Faces behind the flag: Algeria

Meriem Mechehoud brings scholarship, engagement to BGSU cultural exchange


By Bonnie Blankinship

“I need to do something I’m passionate about. Passion is something I can’t compromise on,” said Meriem Mechehoud. Mechehoud’s passion for cultural exchange was what drew her to Bowling Green from Algeria, first to enroll in BGSU’s American culture studies graduate program through the Fulbright Program and now to a second degree in the Master of Arts in Cross-Cultural and International Education (MACIE) program.

Along with her passion, Mechechoud brings a vibrant intellectual curiosity about how people in the Middle East and the United States. are affected by national and world events and by the political climate, and whether participation in cultural exchange programs is effective in changing attitudes. Having lived through the Arab Spring and witnessed great changes throughout North Africa, she also wants to know how people’s perceptions have changed as a result and whether they have become more politically active.

Equally critical to her is helping defuse the Islamophobia she has witnessed in the U.S. through outreach and dialogue. She has observed that people in both the Middle East and America do not have a realistic view of one another’s cultures and ways of life.

“There is a lot of cultural miscommunication between the two,” she said. Determined to reduce the many misperceptions, she is active on the Bowling Green State University campus in a variety of ways to introduce the two cultures and show that, in fundamental ways, people’s lives are much the same. Even as an undergraduate in Algeria, she started a culture club where students could learn about other places.

Mechehoud has chosen to wear the hijab, which draws some attention and marks her out as a Muslim. She admits to being a bit impatient with Westerners’ focus on that particular item of clothing and their assumption that she is somehow forced to wear it, and is eager “to move beyond it. Don’t prescribe for others. The scarf should not be an issue to getting to know me,” she said. “I’m trying to tell people that Muslim women have a lot of issues we are fighting for that are not that different from those in the West. I tell women here and in my country that if you want to stand together, we can be stronger.”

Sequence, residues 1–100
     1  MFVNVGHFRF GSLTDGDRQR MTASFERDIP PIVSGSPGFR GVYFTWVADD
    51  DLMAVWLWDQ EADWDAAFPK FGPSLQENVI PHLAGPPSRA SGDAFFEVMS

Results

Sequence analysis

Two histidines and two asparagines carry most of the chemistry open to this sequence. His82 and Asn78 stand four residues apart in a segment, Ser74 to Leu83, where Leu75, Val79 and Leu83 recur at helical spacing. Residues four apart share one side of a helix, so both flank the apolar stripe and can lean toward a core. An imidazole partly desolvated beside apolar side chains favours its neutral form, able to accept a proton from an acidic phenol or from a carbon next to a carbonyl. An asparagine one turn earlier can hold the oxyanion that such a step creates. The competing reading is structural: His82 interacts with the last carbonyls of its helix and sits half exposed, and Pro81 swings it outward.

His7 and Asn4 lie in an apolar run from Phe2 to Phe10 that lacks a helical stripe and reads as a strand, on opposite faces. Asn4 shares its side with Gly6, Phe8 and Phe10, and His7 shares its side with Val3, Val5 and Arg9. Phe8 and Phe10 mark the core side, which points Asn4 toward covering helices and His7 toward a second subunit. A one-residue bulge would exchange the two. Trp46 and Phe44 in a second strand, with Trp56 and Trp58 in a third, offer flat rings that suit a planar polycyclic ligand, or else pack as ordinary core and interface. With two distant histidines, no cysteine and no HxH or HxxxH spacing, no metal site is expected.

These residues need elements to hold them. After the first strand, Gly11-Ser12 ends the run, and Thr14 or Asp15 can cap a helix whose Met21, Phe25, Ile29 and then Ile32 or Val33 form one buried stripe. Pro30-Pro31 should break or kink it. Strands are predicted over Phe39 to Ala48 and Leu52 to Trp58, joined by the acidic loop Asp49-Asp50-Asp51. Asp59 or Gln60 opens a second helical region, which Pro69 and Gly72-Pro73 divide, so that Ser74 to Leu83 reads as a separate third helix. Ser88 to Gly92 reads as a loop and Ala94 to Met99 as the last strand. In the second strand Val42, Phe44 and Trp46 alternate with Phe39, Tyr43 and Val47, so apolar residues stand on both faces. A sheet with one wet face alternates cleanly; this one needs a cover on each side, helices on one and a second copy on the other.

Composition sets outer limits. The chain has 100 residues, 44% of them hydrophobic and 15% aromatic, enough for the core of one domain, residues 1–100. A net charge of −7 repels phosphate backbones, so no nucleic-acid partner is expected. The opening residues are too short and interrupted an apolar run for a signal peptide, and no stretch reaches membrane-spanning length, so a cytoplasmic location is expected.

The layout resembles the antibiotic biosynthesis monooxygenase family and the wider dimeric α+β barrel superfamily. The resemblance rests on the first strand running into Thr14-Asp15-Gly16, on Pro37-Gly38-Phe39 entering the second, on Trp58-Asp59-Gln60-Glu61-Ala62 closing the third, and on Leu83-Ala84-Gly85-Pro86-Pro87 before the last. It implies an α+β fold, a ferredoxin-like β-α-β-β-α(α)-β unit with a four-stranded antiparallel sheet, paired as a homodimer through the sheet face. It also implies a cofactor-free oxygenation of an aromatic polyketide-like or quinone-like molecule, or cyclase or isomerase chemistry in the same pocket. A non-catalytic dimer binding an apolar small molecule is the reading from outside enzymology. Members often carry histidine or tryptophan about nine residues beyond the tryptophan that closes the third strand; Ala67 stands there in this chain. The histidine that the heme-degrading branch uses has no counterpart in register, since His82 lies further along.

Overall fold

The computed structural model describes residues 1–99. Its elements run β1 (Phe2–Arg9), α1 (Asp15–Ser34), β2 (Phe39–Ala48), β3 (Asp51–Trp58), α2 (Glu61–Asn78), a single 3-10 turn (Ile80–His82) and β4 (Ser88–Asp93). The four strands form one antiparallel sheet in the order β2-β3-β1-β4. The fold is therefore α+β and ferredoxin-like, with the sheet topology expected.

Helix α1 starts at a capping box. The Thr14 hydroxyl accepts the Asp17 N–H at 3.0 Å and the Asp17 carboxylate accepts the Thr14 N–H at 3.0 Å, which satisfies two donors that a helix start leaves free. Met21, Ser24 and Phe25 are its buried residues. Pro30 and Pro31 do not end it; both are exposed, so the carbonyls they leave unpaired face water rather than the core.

Nevertheless, recognizing the importance of outreach, she recently participated as a panelist in “Women of Islam: The Politics of the Hijab” in honor of World Hijab Day, with several other students and English faculty member Dr. Khani Begum who is one of her mentors and oversaw Mechehoud’s thesis.

“From a fairly young age she has been committed not just to learning but also to reaching out to teach Americans about Middle Eastern culture,” Begum said. “I haven’t come across many other students with such a serious concern for people and strong desire to build bridges between cultures. She is very mature and has a strong sense of herself.”

Mechechoud said even though she originally knew nothing about Bowling Green, she was drawn to the American culture studies graduate program in part because of students’ ability to follow their particular interests. While in ACS, she took two MACIE classes and found that the program also perfectly fit her scholarly and personal goals and made her want to be a part of that community. No sooner had she graduated with her ACS master’s in December than she began the effort to get back to BGSU as a MACIE student.

“Dr. (Andrew) Schocket (ACS director) and (MACIE director) Dr. (Christopher) Frey and Dr. Begum have been so inspirational,” she said. She also loved serving as a graduate assistant to Dr. Margaret Booth, now interim dean of the Graduate College, on a longitudinal study of students in Fremont, Ohio, schools.

“There’s such a supportive environment here and a welcoming attitude,” Mechehoud said. “At BGSU they gave me a second home, a second family. When there’s something worrisome in the news, my professors check in on me, and my friends and colleagues are texting me and calling to ask do I need a ride or anything.”